Have you taken any photographs outside here in Arkansas yet?
Not yet. One series I made came from tromping around in the forest. Since then, I’ve done more studio oriented stuff, although it’s funny that you should mention it. I’ve been thinking the last few weeks that it might be time to pack up my camera and go outside again. It’s so beautiful outside here.
What are you currently working on in the studio?
I have in the works a series of installation pieces where I am casting different women’s bodies and suspending them in a gallery space. The casted figure would be solid resin, no photos in this one, just translucence. In my figure at Wildwood I have hooks to suspend the figure with fishing line. You know how fishing line is supposed to be invisible, but isn’t? I am thinking of putting hooks all around the top and bottom of the figure so that there is this pillar that goes up all the way to ceiling. The fishing line would come down through the body and come out across the floor. The idea is that it is suppose to suggest a tree, but what I think is interesting is if the bodies are real bodies, not mannequin bodies. All different kinds of women. I would want to have 10 or 12 of these so you walk through the figures in the space. That’s what is in progress. I think it would be cool if there were enough of them. I don’t know where I would show that around here, though.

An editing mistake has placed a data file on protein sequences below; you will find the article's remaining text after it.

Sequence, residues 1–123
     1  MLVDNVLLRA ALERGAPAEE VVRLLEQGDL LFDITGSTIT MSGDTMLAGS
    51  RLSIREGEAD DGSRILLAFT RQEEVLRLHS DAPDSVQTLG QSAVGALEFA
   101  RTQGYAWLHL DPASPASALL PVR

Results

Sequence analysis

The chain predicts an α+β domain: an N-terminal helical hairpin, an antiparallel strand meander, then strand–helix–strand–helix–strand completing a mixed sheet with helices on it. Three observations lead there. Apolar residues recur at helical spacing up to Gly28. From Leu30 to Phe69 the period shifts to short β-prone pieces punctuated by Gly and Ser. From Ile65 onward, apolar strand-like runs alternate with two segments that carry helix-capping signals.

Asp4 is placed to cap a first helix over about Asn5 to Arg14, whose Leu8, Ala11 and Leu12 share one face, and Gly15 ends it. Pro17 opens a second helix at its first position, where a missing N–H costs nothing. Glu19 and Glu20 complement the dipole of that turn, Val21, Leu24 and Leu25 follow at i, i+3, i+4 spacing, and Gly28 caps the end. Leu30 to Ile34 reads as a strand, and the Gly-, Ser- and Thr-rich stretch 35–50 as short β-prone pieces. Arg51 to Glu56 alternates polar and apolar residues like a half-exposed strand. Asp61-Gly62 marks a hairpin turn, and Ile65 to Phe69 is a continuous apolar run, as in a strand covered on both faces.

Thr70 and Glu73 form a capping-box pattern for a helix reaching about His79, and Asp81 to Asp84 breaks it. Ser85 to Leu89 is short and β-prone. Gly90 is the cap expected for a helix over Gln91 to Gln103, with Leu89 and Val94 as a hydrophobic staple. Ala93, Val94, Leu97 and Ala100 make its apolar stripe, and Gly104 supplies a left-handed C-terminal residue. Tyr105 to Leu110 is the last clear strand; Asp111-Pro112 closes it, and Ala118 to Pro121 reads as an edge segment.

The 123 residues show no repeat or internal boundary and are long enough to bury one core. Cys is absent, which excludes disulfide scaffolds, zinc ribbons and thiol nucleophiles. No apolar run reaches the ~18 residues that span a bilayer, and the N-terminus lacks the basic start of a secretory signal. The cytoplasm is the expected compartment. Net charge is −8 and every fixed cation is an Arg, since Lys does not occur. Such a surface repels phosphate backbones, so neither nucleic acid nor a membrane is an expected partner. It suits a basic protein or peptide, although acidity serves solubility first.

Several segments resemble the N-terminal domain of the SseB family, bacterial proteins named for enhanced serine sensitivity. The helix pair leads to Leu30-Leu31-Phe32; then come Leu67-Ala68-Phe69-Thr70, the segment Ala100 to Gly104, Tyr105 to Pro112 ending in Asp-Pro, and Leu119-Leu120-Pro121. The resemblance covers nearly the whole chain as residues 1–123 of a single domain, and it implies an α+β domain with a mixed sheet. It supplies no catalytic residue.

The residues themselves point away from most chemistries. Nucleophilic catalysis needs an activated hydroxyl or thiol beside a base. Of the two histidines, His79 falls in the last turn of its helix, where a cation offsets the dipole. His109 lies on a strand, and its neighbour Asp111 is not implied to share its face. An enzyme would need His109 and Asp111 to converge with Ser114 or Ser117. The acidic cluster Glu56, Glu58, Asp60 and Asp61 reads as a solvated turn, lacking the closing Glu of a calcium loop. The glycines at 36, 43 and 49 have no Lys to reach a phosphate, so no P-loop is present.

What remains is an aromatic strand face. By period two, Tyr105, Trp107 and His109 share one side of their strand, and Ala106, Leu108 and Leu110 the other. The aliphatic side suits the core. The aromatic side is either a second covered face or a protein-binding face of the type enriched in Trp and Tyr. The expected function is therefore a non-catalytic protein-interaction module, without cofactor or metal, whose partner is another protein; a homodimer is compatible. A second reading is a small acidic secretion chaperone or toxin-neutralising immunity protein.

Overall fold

I see there is a birdcage over here. Do you have a bird?
I do, I bring him up on Sundays when I am not teaching. I have a parrot, an African grey parrot.
Any upcoming shows?
I am supposed to have a show in Mississippi over the summer, but nothing scheduled locally.
What do you think being a successful artist?
I think that’s an interesting question. I guess, for me, the ideal success as an artist would be that you could make a living at it. In the end that’s not really what I am striving for. I want to be able to show and share my work, to do pieces that I am proud of, and to be able to get those pieces out so other people can see them.
Joli’s work is on view at Art in the Park through Sunday, February 15.
To see more of Joli’s work visit joli-livaudais.com.